Information by Robert Pryor
Since the topic of gun control has come up AGAIN, I thought I would post a bit of information from the Secret Service, supposedly announced in 2002, with regards to findings after the Columbine shooting in 1999. This is based on review of 37 school shootings, although I didn’t realize there had been 37 school shootings between 1999 and 2002.
It goes against everything the gun grabbers have pushed for, and certainly against most information the state legislatures and school boards use for making their guns on campus policies. If there was a way to place emphasis on the important parts, I would, but then I would be emphasizing the whole thing.
Secret Service report on school shootings
A United States Secret Service study concluded that schools were placing false hope in physical security, when they should be paying more attention to the pre-attack behaviors of students. Zero-tolerance policies and metal detectors “are unlikely to be helpful,” the Secret Service researchers found. The researchers focused on questions concerning the reliance on SWAT teams when most attacks are over before police arrive, profiling of students who show warning signs in the absence of a definitive profile, expulsion of students for minor infractions when expulsion is the spark that push some to return to school with a gun, buying software not based on school shooting studies to evaluate threats although killers rarely make direct threats, and reliance on metal detectors and police officers in schools when the shooters often make no effort to conceal their weapons.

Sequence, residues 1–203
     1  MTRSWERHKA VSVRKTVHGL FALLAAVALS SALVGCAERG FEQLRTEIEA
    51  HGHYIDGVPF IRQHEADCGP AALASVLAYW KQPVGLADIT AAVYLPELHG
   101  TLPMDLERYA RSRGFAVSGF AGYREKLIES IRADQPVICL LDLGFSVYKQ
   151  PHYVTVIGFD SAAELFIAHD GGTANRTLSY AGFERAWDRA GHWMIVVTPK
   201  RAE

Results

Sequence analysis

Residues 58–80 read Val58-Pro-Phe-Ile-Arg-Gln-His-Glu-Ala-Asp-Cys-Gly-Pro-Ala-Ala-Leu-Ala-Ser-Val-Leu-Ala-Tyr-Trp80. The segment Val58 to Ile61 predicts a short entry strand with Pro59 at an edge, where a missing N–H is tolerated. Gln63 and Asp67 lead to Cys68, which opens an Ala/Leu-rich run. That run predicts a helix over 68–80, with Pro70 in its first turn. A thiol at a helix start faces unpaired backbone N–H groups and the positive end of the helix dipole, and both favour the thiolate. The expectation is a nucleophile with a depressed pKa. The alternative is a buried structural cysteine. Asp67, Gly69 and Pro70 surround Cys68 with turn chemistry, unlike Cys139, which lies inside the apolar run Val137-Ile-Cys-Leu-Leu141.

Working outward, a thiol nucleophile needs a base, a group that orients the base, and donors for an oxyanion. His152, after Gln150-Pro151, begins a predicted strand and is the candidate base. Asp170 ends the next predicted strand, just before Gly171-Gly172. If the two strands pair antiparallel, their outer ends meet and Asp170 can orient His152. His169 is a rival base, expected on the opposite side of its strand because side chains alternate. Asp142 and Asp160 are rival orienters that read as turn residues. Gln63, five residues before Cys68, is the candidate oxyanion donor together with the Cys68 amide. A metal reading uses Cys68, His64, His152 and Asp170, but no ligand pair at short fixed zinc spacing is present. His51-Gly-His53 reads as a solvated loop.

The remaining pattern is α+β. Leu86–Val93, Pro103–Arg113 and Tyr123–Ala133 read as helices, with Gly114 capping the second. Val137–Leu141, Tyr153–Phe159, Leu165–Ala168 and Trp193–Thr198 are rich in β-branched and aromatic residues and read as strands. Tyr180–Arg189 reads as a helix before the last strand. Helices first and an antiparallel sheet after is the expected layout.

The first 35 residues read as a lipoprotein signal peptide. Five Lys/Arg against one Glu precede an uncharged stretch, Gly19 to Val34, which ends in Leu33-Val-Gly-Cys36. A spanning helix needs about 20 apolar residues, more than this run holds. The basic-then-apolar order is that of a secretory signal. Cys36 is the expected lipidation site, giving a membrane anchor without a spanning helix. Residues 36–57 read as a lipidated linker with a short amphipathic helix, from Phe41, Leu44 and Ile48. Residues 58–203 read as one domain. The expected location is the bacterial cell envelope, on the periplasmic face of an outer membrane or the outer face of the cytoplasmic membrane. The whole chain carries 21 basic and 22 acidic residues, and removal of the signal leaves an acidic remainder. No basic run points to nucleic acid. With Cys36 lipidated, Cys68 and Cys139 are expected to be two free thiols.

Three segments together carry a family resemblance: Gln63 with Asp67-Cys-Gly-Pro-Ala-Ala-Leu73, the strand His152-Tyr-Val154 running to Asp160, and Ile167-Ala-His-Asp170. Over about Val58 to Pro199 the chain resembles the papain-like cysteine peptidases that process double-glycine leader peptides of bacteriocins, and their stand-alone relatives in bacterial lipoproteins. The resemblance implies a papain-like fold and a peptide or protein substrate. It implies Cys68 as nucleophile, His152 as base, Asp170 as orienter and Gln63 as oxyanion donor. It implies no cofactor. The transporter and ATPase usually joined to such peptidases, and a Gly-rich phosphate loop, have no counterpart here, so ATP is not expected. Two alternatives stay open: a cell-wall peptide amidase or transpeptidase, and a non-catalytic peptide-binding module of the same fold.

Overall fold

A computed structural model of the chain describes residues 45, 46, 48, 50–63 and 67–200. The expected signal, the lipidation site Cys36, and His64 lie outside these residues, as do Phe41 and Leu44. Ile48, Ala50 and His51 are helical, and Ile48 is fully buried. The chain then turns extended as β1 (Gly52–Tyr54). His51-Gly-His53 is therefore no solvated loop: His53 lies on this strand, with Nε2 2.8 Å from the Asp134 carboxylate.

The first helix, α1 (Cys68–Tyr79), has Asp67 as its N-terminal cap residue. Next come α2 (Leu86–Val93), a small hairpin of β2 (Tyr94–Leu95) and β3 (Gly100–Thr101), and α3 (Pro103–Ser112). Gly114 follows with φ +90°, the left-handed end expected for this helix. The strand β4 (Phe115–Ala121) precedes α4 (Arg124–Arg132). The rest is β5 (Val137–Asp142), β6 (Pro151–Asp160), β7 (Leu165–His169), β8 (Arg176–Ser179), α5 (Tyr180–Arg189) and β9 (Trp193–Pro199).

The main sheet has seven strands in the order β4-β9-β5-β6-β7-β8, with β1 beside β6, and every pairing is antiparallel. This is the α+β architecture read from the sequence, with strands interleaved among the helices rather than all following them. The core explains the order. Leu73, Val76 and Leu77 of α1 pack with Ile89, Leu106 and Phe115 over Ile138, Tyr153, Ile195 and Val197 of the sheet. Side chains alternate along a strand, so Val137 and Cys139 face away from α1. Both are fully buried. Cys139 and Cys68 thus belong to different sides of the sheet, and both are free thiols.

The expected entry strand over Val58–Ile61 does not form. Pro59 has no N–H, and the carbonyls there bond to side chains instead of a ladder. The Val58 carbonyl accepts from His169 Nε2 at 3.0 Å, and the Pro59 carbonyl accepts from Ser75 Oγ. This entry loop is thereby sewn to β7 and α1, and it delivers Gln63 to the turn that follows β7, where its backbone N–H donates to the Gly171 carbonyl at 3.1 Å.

In May 2002, the Secret Service published a report that examined 37 US school shootings. They had the following findings:
– Incidents of targeted violence at school were rarely sudden, impulsive acts.
– Prior to most incidents, other people knew about the attacker’s idea and/or plan to attack.
– Most attackers did not threaten their targets directly prior to advancing the attack.
– There is no accurate or useful profile of students who engaged in targeted school violence.
– Most attackers engaged in some behavior prior to the incident that caused others concern or indicated a need for help.
– Most attackers had difficulty coping with significant losses or personal failures. Moreover, many had considered or attempted suicide.
– Many attackers felt bullied, persecuted, or injured by others prior to the attack.
– Most attackers had access to and had used weapons prior to the attack.
– In many cases, other students were involved in some capacity.
– Despite prompt law enforcement responses, most shooting incidents were stopped by means other than law enforcement intervention.